Volume 14 of Hyperion's series, The Romantic Violin Concerto, presents one masterpiece that has an assured place in the repertoire, and a second-tier concerto that has yet to be widely played. Alexander Glazunov's passionate Violin Concerto in A minor is well-represented today in concerts and on recordings, and great performances are not hard to find, since historic recordings by Jascha Heifetz and David Oistrakh are regularly reissued, and Gil Shaham and Itzhak Perlman have had success with it. Othmar Schoeck's fairly obscure Concerto quasi una Fantasia in B flat major has a few recordings to its credit, but none on major labels by violinists of note, so it has a considerable distance to go before it becomes a hit with classical listeners. Chloë Hanslip's performances with Alexander Vedernikov and the Orchestra della Svizzera Italiana are confident and appealing, and Glazunov's solidly scored and expressively compelling work comes off well in this album. But as pleasant as the Schoeck piece is in Hanslip's hands, with its open emotions and soaring lines, it is extremely derivative of Brahms, and not especially memorable for any themes or dramatic passages. The program is filled out with two short concertante pieces by Glazunov, the Meditation in D major and the Mazurka-oberek in D major, which are attractive and bring a cheerful mood to the proceedings. Hyperion's sound is rich and warm, which is exactly what is needed in these late Romantic concertos.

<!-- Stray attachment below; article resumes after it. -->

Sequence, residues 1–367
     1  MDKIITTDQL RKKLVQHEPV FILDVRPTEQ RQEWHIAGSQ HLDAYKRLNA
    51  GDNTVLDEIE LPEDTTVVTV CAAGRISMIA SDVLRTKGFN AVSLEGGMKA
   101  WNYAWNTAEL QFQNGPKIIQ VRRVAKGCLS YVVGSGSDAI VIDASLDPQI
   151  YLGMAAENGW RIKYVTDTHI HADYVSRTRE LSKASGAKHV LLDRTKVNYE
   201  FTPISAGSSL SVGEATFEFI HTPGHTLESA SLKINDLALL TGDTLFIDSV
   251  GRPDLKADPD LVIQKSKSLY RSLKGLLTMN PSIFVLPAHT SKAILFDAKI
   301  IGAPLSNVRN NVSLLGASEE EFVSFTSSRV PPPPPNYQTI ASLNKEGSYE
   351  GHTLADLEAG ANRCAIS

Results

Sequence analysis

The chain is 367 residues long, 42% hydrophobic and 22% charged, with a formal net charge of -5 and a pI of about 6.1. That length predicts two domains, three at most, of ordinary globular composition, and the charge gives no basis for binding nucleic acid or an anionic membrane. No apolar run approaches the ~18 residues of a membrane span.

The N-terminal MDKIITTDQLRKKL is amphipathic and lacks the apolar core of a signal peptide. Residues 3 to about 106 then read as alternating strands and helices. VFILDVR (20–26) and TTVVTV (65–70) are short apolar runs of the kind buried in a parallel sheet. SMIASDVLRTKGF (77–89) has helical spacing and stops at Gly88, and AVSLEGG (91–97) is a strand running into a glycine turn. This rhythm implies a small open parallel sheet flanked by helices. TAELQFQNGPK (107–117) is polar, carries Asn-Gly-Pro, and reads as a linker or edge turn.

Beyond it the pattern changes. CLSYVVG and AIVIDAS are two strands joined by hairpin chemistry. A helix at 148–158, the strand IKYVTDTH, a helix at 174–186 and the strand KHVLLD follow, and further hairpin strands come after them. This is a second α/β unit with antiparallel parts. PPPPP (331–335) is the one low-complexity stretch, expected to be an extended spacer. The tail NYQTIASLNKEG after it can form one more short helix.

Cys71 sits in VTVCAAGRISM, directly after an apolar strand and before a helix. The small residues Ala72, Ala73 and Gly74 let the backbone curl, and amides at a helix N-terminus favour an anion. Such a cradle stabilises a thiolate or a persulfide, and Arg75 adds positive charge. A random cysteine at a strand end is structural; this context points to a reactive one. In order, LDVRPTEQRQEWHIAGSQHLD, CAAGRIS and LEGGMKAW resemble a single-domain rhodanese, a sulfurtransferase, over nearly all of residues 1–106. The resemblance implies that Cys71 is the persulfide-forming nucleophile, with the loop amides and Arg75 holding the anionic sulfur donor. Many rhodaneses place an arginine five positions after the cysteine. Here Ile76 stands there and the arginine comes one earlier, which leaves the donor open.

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AllMusic Review by Blair Sanderson
|Violin Concerto in A minor, Op. 82|
|Concerto quasi una fantasia in B flat major, Op. 21|